Ian Banks would appear to be incapable of writing a bad book, but with this one he has surpassed himself. Powerful, intelligent, immensely enjoyable and ultimately devastating, it stands as not only Banks' finest novel to date but also one of the greatest novels of our time. If it wasn't for the illogical, outdated and ignorant stigma attached to science fiction in the literary world, people would be queueing up to pay this book the respect it deserves. As an allegorical work about the weakness of man, the evil of which we are capable and the ultimate futility and insanity of war it deserves mention in the same breath as Catch-22. As a page-turning thriller, it puts the pulp-pedalling likes of Grisham and Clacy firmly in their place. As a devastating, shocking and powerful masterpiece, only a swift, hard kick to the testicles matches its effect. I consider this review a conservatively worded piece of understatement. If you haven't read Use of Weapons yet, everything in your life is wasted time. Go, go now and read it.
If you read no other book by Iain M Banks, try this one ! It has breathtaking farfuture technology, very fast pace and lots of intrigue. If you dont laugh out loud at the AI's gift of a hat to the main protagonist, I'll eat mine <G> The narrative jumps around in time and space and there really is never a slow moment. Does the end justify the means ? And just why can this chap not sleep with a chair in his room ? You'll never guess....
I want to kill tomKiernan because he has one ball i want to KIll him with a German Maxim machine gun, a Tactical nuclear misile, a greener twoband rifle, a 24 double barerld shot gun,a double ended light saber,a double ended dildo, a danish remmington rifle, a lee magasin rifle, agrens carbine,a sharps carbine rifle, a swartz Arzlose, a glue gun, a staple gun, a flame thrower, a SA 80,a MP44 asult rifle, a sub machine gun, a lancaster rifle, a soldering iron , a smith and wesson, a Pompom machine gun, a costello, oozi, anti tank rifle, anti air craft machine gun, needle gun, self loading pistle, vickers machine gun, enfield hand revolver, crag cournel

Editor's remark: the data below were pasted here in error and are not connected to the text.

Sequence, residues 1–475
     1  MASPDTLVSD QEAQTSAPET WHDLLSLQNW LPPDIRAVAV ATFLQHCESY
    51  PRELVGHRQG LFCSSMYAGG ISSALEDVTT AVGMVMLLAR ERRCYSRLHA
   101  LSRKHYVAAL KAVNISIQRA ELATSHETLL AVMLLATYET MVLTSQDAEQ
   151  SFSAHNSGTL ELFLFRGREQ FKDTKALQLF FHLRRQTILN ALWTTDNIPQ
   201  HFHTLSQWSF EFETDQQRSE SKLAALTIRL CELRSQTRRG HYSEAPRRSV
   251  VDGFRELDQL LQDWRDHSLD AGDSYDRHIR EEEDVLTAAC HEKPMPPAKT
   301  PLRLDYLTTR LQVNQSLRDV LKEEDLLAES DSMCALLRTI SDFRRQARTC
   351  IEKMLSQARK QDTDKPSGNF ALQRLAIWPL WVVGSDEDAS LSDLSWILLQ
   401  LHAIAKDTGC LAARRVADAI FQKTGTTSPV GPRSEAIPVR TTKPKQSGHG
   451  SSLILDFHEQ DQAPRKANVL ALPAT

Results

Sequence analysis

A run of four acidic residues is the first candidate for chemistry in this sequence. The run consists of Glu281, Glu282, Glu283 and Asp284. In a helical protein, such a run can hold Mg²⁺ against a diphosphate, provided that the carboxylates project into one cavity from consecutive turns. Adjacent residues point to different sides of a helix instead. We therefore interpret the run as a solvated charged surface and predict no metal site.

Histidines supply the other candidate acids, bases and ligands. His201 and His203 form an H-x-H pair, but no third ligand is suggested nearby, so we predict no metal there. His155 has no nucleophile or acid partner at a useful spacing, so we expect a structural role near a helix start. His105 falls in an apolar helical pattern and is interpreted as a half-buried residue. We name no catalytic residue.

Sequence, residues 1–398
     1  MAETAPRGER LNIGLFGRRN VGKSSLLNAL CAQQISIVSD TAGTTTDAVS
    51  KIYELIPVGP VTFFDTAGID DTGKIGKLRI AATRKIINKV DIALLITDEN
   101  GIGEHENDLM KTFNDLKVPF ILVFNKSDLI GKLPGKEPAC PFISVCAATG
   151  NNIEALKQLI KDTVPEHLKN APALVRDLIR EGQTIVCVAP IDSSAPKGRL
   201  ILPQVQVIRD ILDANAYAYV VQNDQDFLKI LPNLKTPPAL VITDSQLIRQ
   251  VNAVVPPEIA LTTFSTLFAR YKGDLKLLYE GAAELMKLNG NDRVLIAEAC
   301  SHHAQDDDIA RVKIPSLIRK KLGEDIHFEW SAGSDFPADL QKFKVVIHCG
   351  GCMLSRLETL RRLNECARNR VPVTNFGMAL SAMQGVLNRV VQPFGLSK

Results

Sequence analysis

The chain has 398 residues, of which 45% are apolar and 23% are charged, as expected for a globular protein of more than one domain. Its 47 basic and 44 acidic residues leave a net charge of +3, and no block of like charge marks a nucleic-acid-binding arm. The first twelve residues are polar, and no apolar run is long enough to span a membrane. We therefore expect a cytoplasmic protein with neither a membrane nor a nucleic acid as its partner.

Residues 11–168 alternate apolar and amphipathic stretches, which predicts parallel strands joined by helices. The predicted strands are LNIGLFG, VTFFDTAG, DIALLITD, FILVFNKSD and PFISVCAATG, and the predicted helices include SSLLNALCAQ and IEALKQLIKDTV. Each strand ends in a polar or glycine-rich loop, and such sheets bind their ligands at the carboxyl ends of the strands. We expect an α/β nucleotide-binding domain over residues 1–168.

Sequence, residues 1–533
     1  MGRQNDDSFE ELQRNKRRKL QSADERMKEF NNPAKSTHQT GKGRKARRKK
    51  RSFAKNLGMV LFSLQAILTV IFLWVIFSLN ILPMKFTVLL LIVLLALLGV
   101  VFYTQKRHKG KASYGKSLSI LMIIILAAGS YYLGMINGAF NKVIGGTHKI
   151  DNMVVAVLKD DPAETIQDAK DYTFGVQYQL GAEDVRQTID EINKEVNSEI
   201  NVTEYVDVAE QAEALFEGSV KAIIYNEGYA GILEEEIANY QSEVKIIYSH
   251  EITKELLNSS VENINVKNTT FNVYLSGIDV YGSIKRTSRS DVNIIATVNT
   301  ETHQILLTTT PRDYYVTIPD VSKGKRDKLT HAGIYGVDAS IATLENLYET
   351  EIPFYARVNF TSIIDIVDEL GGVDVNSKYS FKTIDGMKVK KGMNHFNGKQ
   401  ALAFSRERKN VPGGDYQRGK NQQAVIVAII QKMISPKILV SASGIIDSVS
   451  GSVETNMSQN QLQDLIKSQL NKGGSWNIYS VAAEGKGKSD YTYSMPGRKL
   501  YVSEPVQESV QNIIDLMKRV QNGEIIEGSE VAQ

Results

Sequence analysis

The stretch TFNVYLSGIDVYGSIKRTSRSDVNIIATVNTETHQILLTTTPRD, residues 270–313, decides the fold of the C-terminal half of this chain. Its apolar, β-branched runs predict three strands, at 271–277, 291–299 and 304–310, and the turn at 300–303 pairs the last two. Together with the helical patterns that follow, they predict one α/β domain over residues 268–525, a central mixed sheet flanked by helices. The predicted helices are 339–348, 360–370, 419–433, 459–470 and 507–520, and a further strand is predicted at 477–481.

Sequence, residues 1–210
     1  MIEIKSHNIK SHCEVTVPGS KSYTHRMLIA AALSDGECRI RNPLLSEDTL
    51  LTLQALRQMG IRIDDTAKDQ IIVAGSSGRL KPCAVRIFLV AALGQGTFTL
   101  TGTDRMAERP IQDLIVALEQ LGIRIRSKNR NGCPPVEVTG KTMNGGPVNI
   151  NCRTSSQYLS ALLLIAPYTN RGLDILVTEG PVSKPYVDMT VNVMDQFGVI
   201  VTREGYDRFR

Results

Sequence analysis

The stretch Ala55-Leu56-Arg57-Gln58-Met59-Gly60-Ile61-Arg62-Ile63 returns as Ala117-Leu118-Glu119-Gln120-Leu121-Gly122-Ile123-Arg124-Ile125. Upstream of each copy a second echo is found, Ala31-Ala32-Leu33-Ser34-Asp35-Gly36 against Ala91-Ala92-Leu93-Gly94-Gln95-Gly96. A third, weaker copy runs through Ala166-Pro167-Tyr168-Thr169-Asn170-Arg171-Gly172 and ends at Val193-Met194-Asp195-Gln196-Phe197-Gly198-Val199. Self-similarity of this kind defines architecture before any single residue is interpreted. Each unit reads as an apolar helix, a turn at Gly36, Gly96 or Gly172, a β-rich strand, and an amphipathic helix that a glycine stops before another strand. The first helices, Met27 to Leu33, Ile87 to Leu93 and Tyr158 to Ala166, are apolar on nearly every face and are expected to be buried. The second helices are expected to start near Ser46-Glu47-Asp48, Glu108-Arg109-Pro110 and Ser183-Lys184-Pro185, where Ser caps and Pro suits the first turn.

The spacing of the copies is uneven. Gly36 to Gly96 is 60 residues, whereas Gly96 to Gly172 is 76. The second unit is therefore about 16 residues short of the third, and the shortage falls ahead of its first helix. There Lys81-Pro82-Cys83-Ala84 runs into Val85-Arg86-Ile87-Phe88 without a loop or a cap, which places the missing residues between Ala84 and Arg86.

Use of Weapons takes place in Iain M Banks' 'Culture' sci-fi universe, and is the story of Cheradenine Zakelwe, a burnt-out agent of the Culture. The book shrouds Zakelwe's origins in secrecy, which it gradually reveals using a clever chapter structure (Every other chapter recounts an earlier segment of his life until the secret in his past is revealed). Without giving too much away, Zakelwe is called out of semi-retirement for one last job, which he only agrees to because it involves the only man he has disclosed his secret to. As the story progresses, he becomes invloved in a war he is not supposed to win... As the book slowly trickles the main protagonist's history to you, you begin to understand Zakelwe (if not his ultimate motivation) and I actually found myself caring for him. The ending builds the tension magnificently, and the final revelation is superb. I had become so involved with the characters that I felt physical shock and had to put the book down to have a drink. The only criticism I can level at the book is that it could be a little confusing if you haven't read any of Banks' Culture novels before, so I would recommend that anybody new to his books reads some of the others first. This is without doubt the best Culture novel, so it's worth reading it last so you understand all of the nuances properly.